In 5 years, new medical labs on a chip will serve as nanotechnology health detectives – tracing invisible clues in our bodily fluids and letting us know immediately if we have reason to see a doctor. The goal is to shrink down to a single silicon chip all of the processes necessary to analyze a disease that would normally be carried out in a full-scale biochemistry lab. Rest
Abstract: Binding of the Origin Recognition Complex (ORC) to origins of replication marks the first step in the initiation of replication of the genome in all eukaryotic cells. Here, we report the structure of the active form of human ORC determined by X-ray crystallography and cryo-electron microscopy. The complex is composed of an ORC1/4/5 motor module lobe in an organization reminiscent of the DNA polymerase clamp loader complexes. A second lobe contains the ORC2/3 subunits. The complex is organized as a double-layered shallow corkscrew, with the AAA+ and AAA+-like domains forming one layer, and the winged-helix domains (WHDs) forming a top layer. CDC6 fits easily between ORC1 and ORC2, completing the ring and the DNA-binding channel, forming an additional ATP hydrolysis site. Analysis of the ATPase activity of the complex provides a basis for understanding ORC activity as well as molecular defects observed in Meier-Gorlin Syndrome mutations. Full article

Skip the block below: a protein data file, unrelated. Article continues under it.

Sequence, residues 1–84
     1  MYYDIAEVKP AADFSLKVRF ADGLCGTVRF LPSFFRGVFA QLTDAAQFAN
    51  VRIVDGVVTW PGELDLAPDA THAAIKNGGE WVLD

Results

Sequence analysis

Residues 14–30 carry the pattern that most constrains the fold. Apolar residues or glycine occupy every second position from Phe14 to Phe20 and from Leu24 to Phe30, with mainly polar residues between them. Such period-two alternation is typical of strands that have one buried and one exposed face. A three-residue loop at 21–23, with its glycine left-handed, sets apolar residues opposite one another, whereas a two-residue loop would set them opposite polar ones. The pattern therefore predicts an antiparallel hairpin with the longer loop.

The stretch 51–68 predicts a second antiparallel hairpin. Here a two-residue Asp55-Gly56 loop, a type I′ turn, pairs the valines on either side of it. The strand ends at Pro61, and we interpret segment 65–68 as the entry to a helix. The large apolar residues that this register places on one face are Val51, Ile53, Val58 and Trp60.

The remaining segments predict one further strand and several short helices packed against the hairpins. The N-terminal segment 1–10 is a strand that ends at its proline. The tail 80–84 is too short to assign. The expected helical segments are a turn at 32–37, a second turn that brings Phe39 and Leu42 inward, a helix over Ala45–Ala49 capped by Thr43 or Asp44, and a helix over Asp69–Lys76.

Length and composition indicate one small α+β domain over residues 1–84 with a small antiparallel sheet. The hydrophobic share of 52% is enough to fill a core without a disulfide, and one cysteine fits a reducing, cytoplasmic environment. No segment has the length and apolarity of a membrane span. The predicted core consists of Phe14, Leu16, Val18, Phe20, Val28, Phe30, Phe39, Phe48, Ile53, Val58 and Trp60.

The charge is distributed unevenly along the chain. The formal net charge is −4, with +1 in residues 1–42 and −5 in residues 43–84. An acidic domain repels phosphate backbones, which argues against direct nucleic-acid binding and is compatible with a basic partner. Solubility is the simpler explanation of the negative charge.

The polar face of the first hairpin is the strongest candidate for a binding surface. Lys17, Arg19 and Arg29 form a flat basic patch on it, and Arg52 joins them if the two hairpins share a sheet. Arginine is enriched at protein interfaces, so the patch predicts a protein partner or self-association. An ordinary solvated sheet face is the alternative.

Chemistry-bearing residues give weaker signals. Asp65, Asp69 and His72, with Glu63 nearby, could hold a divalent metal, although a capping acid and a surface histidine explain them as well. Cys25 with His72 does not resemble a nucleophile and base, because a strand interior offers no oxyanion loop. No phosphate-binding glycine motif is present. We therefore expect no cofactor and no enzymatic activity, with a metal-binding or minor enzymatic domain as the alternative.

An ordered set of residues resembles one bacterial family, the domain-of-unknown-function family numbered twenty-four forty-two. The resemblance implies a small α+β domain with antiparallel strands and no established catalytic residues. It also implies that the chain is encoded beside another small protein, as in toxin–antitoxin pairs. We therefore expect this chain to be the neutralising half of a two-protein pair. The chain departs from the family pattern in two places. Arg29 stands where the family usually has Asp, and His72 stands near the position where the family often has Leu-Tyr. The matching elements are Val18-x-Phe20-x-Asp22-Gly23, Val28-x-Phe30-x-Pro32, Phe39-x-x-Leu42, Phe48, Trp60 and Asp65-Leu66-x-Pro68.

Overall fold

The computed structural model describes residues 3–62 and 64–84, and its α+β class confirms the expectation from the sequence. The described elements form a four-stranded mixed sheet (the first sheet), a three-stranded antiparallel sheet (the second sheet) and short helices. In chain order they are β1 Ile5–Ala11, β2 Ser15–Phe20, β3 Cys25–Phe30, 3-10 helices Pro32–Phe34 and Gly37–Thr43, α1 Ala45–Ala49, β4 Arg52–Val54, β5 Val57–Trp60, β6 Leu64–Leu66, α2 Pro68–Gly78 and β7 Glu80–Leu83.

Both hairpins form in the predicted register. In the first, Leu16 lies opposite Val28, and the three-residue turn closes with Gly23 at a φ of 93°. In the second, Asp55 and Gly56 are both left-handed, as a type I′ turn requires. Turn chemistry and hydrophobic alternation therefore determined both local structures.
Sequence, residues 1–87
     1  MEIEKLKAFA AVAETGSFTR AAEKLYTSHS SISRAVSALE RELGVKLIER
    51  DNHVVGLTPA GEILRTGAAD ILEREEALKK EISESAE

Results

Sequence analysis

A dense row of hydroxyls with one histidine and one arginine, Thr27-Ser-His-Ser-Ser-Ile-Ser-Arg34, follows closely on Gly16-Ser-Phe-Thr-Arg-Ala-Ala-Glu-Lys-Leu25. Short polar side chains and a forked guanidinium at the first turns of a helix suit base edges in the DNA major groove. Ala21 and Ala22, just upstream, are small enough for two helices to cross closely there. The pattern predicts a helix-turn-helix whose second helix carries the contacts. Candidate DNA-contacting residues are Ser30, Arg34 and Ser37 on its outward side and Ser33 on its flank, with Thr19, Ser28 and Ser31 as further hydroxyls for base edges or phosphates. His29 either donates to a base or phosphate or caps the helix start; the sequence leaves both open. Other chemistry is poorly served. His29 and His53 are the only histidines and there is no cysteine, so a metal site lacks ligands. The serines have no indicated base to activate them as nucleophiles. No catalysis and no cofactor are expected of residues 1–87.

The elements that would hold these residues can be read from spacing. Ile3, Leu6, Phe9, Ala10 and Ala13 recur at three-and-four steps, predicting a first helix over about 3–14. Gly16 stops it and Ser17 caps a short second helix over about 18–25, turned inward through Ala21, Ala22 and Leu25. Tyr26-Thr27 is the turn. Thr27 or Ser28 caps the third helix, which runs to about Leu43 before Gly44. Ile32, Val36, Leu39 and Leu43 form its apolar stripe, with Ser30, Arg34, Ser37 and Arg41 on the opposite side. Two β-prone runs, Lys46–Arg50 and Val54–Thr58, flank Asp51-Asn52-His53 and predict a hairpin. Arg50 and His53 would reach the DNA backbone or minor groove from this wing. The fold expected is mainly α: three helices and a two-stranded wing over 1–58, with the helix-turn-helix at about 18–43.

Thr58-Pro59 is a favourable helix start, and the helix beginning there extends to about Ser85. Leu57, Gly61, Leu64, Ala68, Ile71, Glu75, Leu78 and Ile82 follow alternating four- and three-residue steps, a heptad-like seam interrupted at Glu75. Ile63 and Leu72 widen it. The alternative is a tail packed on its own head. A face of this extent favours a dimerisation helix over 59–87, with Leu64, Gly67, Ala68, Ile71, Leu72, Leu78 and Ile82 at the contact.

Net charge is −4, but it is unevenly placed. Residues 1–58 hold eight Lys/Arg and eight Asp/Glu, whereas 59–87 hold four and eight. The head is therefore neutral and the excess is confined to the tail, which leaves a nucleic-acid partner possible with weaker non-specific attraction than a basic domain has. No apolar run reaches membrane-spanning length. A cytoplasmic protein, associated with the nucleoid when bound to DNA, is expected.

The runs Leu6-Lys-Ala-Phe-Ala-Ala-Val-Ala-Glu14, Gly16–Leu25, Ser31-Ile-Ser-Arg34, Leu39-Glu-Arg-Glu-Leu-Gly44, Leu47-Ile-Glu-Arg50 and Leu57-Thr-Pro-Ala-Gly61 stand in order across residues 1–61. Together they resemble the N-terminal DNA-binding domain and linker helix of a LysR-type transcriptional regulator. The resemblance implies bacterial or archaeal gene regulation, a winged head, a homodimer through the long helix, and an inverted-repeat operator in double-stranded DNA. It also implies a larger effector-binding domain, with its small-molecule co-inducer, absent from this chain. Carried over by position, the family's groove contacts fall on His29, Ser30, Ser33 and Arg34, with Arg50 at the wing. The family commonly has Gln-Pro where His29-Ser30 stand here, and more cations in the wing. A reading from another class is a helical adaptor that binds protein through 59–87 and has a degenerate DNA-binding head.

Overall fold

A global research team has built five new synthetic yeast chromosomes, meaning that 30 percent of a key organism’s genetic material has now been swapped out for engineered replacements. This is one of several findings of a package of seven papers published March 10 as the cover story for Science.
Led by NYU Langone geneticist Jef Boeke, PhD, and a team of more than 200 authors, the publications are the latest from the Synthetic Yeast Project (Sc2.0). By the end of this year, this international consortium hopes to have designed and built synthetic versions of all 16 chromosomes—the structures that contain DNA—for the one-celled microorganism Baker’s yeast, known as S. cerevisiae.